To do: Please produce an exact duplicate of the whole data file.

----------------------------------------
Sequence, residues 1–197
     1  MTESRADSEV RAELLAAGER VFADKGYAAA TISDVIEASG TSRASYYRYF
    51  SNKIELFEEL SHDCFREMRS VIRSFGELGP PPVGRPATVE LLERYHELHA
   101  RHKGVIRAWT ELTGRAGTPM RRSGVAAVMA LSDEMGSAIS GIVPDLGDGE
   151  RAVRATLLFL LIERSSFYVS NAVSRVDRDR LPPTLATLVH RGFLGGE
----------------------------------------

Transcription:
Sequence, residues 1–197
     1  MTESRADSEV RAELLAAGER VFADKGYAAA TISDVIEASG TSRASYYRYF
    51  SNKIELFEEL SHDCFREMRS VIRSFGELGP PPVGRPATVE LLERYHELHA
   101  RHKGVIRAWT ELTGRAGTPM RRSGVAAVMA LSDEMGSAIS GIVPDLGDGE
   151  RAVRATLLFL LIERSSFYVS NAVSRVDRDR LPPTLATLVH RGFLGGE